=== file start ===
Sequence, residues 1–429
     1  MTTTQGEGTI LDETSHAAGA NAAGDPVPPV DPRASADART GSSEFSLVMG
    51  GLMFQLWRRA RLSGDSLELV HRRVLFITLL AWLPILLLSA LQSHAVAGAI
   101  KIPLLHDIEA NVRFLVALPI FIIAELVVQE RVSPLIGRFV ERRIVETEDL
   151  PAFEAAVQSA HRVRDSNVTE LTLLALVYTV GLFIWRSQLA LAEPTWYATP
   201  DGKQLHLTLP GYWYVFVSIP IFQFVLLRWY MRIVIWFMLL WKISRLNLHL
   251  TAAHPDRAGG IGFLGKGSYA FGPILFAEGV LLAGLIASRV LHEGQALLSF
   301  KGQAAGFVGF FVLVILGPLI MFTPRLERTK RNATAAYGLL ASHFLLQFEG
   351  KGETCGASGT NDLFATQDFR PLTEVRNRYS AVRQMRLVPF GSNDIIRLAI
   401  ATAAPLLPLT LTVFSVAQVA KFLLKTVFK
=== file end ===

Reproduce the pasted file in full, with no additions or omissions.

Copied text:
Sequence, residues 1–429
     1  MTTTQGEGTI LDETSHAAGA NAAGDPVPPV DPRASADART GSSEFSLVMG
    51  GLMFQLWRRA RLSGDSLELV HRRVLFITLL AWLPILLLSA LQSHAVAGAI
   101  KIPLLHDIEA NVRFLVALPI FIIAELVVQE RVSPLIGRFV ERRIVETEDL
   151  PAFEAAVQSA HRVRDSNVTE LTLLALVYTV GLFIWRSQLA LAEPTWYATP
   201  DGKQLHLTLP GYWYVFVSIP IFQFVLLRWY MRIVIWFMLL WKISRLNLHL
   251  TAAHPDRAGG IGFLGKGSYA FGPILFAEGV LLAGLIASRV LHEGQALLSF
   301  KGQAAGFVGF FVLVILGPLI MFTPRLERTK RNATAAYGLL ASHFLLQFEG
   351  KGETCGASGT NDLFATQDFR PLTEVRNRYS AVRQMRLVPF GSNDIIRLAI
   401  ATAAPLLPLT LTVFSVAQVA KFLLKTVFK